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Community and Q&A

Pretty Good Wall Design – Maybe

user-347767 | Posted in Plans Review on

The attached file shows a wall design concept for a new house build near Minneapolis, Mn. I’m trying to design a wall that is both easy to build and has good performance.

I really wanted to bury the air and vapor control layers at the sheathing layer so the stud cavity only uses 2.5 inch thick rockwool batt (I’m firm on the rockwool insulation direction). Approximately 3/4 of the insulation is on the outside / cold side of the vapor barrier to prevent condensation on the sheathing. This also leaves 3 inches open for a utility chase. One big installation advantage is that fitting the insulation around wires and boxes is minimized since the batt is usually behind everything – no cutting needed.

The sheathing and control layers could be lots of designs. One is the Huber Zip wall system. Second is taped plywood plus house wrap or roofing felt. The third is peel and stick covering over plywood. Fourth is a liquid applied over plywood. I’m leaning towards number 2 for cost reasons.

There is one layer of 3.5 inch rockwool batt. Since there are no studs here the thermal break is good and moisture can move sideways if needed.

The next layer is 2×4 studs, 3.5 inch rockwool batt, plus a high perm weather resistant barrier (ie #15 roofing felt shiplapped or house wrap). This keeps wind and rain off the insulation but allows some air and moisture passage.

Over this goes the 1×4 nailers. These create the rain screen vent behind the cladding, hold the insulation and WRB on tight, and act as a wide nailing surface for the siding.

The 2×4 studs are attached to the 2×6 wall at the top plate and sole plate – I haven’t worked that out yet. They are cantilevered off the wall and hold the siding (so only the 2×6 wall sits on the subfloor). The two outer layers of insulation (outside of the sheathing) are entirely on the outside of the walls and floors to get a good, continuous layer of insulation and air/vapor barrier.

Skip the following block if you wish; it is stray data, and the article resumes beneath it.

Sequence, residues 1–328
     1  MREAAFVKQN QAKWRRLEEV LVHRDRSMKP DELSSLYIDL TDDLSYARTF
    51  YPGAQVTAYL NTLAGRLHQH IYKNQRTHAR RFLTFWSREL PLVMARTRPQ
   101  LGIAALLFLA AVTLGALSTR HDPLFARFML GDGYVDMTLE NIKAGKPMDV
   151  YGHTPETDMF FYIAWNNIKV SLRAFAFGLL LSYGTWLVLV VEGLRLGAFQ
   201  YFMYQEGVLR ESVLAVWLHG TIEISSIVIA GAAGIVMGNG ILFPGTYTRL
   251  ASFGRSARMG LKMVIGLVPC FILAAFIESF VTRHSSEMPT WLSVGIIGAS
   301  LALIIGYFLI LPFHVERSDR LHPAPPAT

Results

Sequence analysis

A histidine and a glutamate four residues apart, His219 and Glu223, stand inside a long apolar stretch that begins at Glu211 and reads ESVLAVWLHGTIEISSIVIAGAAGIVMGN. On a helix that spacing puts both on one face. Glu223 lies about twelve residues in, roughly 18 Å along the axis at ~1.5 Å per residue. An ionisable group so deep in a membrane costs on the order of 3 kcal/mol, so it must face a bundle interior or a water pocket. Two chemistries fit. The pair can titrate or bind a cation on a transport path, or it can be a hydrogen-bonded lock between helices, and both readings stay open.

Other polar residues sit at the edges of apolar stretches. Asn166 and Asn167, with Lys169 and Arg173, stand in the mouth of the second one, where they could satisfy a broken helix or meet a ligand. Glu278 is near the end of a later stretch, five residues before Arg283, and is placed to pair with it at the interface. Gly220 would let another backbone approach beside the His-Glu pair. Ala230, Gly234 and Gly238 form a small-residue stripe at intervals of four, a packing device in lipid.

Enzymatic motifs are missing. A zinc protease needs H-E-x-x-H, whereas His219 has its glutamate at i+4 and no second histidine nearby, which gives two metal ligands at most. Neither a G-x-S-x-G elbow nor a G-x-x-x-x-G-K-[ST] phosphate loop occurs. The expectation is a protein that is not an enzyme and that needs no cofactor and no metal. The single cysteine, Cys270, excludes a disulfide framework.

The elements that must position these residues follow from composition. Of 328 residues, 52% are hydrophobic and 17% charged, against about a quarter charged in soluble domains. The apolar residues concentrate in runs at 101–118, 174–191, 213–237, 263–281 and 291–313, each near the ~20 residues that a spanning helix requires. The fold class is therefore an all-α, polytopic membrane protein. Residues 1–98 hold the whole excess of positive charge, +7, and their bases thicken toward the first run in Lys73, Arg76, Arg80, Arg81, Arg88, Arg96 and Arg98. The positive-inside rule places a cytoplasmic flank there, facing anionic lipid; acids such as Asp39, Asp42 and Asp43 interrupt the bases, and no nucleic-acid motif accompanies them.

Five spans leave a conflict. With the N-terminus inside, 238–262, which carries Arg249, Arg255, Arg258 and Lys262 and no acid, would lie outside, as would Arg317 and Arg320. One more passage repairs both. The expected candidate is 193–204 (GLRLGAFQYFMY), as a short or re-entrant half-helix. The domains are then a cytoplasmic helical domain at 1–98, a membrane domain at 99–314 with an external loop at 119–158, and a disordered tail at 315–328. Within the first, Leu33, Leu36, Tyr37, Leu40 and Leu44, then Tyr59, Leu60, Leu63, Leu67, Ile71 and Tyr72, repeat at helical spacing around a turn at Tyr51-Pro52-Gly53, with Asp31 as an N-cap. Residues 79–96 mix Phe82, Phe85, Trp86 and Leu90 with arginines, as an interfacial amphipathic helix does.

I intend to have windows and doors attached to the 2×6 wall and sheathing just like a normal wall.

OK, so what do you think? I’m cautiously happy with this approach and how it balances performance, construction, longevity, and cost. All feedback is welcome.


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  1. Expert Member

    Just to clarify: Are you intending to cantilever the whole outside wall, or does it just extend down past the floor system and sit on the foundation too?

  2. wjrobinson | | #2

    Build it.

  3. KeithH | | #3

    You mention both 2.5 and 3.5 rockwool. Where are you going to get 2.5" rockwool? If you custom order it from Thermafiber, you'll pay a lot (and people have told me their product is not fun compared to Roxul). If you are talking about using the Safe N Sound, my understanding from comments made by others on GBA is that these non-thermal rated batts probably insulate at around R-3.3 instead of R-4.2 for the comfortbatts. Also, last time I ordered both, the SnS cost me more than the comfortbatt. Or was the 2.5" note a mistake?

  4. user-347767 | | #4